It has the world’s fourth largest economy by nominal GDP, measured at $3.628 trillion by the IMF in 2011. It is the second largest exporter and third largest importer of goods. The country has developed a very high standard of living and a comprehensive system of social security. Germany has been the home of many influential scientists and inventors, and is known for its cultural and political history. It is part of the Schengen Area and since 1999 a member of the eurozone. Germany is a member of the G8, the G20, the OECD and the Council of Europe, and took a non-permanent seat on the UN Security Council for the 2011–2012 term.
Germany has a social market economy with a highly qualified labour force, a large capital stock, a low level of corruption, and a high level of innovation according to the Boston Consulting Group.
Germany is recognised for its specialised small and medium enterprises. Around 1,000 of these companies are global market leaders in their segment and are labelled hidden champions, as reported by Businessweek. With its central position in Europe, Germany is a transport hub. This is reflected in its dense and modern transport networks. Germany has established a polycentric network of high-speed trains. Germany is relatively poor in raw materials. Only lignite and potash salt are available in economically significant quantities. Power plants burning lignite are one of the main sources of electricity in Germany. Oil, natural gas and other resources are, for the most part, imported from other countries. As a result, Germany imports about two thirds of its energy.
Germany imports nearly €1.155 trillion worth of goods. Mainly things like machinery, vehicles, chemicals, foodstuffs, textiles, and metals. While it exports nearly €1.288 trillion, products like machinery, vehicles, chemicals, metals and manufactures, foodstuffs, and textiles. Exports account for more than one-third of national output, according to the Library of Congress. Germany is the leading producer of wind turbines and solar power technology in the world. Germany is the third most visited country in Europe, with a total of 369.6 million overnights during 2010, according to statistics provided by the German government. Germany is also one of the leading countries in developing and using green technologies. Companies specializing in green technology have an estimated turnover of €200 billion. The lead markets of Germany’s green technology industry are power generation, sustainable mobility, material efficiency, energy efficiency, waste management and recycling, sustainable water management.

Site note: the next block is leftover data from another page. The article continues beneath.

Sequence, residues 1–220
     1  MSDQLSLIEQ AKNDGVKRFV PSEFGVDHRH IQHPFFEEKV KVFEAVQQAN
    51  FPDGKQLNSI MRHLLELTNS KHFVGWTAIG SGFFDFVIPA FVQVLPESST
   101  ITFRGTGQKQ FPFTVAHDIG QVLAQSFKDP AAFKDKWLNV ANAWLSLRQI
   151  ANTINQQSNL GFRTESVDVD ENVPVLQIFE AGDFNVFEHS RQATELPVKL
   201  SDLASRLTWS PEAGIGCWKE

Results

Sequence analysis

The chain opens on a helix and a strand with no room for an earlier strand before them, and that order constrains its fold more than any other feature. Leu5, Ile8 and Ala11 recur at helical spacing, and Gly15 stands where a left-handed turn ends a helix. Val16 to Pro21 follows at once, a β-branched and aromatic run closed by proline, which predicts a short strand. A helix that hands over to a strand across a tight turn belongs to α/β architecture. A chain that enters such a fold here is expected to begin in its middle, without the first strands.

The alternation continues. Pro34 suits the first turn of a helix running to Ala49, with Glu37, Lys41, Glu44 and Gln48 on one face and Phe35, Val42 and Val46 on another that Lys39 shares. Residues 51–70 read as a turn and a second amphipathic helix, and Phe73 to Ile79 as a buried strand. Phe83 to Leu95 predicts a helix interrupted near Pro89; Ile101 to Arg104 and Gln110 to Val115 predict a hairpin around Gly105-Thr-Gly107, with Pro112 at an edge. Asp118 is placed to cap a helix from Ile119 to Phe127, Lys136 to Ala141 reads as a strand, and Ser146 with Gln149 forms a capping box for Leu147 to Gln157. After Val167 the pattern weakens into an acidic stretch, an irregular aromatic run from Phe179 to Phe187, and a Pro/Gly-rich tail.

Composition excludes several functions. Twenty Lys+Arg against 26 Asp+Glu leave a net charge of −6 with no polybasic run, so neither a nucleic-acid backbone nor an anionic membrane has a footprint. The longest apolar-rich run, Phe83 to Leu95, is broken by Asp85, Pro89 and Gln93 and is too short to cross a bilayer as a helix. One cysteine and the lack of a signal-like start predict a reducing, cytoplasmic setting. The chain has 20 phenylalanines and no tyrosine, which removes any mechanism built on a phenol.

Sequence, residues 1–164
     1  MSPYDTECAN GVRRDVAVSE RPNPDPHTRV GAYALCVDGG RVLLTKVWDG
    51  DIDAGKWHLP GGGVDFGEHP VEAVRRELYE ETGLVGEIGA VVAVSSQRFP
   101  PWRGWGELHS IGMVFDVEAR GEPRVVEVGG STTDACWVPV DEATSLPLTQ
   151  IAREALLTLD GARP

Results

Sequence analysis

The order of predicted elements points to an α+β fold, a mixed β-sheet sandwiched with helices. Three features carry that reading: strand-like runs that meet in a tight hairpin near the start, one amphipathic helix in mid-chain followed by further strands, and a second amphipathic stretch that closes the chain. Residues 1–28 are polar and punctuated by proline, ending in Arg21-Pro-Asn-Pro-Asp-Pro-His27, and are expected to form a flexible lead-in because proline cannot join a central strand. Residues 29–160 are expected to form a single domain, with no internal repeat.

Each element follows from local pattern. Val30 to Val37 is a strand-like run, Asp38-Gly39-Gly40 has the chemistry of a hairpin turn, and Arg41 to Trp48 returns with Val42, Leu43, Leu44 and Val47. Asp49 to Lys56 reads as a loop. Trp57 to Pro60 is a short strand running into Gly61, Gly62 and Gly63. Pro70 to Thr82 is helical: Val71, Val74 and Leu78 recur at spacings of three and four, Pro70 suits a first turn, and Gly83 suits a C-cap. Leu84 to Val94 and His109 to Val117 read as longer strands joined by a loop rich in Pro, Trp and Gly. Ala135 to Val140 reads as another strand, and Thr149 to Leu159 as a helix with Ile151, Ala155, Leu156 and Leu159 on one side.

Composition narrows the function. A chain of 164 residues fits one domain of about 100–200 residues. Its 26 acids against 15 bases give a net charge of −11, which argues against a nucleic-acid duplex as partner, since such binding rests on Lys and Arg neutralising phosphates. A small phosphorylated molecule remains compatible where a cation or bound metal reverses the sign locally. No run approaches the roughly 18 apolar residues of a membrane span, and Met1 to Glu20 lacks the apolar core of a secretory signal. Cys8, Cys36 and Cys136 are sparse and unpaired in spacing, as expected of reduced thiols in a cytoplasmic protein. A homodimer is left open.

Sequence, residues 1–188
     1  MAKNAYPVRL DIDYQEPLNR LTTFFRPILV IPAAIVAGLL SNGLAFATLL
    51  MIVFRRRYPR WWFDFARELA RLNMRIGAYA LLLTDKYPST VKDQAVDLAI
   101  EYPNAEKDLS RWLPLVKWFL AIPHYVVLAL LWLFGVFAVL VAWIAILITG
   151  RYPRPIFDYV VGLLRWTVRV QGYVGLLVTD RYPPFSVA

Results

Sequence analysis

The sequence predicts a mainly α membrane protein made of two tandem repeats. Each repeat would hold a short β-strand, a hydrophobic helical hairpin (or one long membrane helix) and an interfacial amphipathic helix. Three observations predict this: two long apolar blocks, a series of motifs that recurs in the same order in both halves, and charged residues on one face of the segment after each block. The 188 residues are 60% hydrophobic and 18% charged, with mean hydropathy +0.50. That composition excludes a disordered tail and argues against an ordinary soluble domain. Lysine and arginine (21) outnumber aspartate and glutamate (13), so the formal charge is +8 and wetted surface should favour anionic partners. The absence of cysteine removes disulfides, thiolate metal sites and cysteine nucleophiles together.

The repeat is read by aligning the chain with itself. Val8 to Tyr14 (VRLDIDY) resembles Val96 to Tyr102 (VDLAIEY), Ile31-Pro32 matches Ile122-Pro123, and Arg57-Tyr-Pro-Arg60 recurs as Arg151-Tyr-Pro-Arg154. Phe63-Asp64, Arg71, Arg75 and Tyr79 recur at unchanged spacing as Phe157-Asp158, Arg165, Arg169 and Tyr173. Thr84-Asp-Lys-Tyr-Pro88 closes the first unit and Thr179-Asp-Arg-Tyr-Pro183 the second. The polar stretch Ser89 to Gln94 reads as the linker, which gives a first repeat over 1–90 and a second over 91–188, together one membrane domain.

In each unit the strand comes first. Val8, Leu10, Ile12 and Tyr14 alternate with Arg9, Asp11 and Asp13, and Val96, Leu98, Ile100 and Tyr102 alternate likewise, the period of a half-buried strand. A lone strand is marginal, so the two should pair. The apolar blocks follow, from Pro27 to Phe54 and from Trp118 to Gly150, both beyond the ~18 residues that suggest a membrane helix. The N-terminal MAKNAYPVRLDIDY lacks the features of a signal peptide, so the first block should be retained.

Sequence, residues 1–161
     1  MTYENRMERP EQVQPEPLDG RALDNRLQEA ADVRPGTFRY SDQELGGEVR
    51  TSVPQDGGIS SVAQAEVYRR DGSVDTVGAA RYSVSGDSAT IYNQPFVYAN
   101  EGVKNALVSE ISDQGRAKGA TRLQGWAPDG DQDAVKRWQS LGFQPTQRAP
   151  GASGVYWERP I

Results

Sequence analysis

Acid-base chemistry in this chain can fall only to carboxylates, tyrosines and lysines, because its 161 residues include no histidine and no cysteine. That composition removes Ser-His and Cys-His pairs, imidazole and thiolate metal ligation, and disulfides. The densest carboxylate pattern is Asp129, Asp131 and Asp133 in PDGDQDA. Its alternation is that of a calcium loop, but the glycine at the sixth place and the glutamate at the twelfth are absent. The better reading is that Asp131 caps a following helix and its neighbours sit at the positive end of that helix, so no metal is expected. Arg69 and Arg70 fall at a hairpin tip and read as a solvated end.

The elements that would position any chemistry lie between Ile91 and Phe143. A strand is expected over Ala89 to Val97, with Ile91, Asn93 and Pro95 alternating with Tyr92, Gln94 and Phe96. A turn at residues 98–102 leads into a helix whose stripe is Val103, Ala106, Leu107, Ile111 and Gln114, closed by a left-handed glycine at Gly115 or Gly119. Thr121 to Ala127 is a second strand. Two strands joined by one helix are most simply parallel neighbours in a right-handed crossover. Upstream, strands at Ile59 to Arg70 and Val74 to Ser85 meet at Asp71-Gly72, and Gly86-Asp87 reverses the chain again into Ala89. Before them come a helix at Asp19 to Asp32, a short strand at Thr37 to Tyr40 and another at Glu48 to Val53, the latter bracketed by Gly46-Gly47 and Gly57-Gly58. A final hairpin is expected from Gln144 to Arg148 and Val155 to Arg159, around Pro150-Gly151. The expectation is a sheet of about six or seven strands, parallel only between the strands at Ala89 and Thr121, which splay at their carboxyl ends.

Overall, Germany is a great market to do business in. It was ranked at 19th for Ease of Doing Business by the World Bank for 2012. In the same ranking, Germany was ranked at 97th for Protecting Investors, 12th for Trading Across Borders, and 8th for Enforcing Contracts. So clearly Germany ie a relatively trade inducing environment. While Germany is at the very center of the Eurozone Crisis, it has been able to wade through the economic turmoil relatively safely. While the future of the Eurozone is not clear, if there is going to be any European country that will survive the crisis, it is Germany.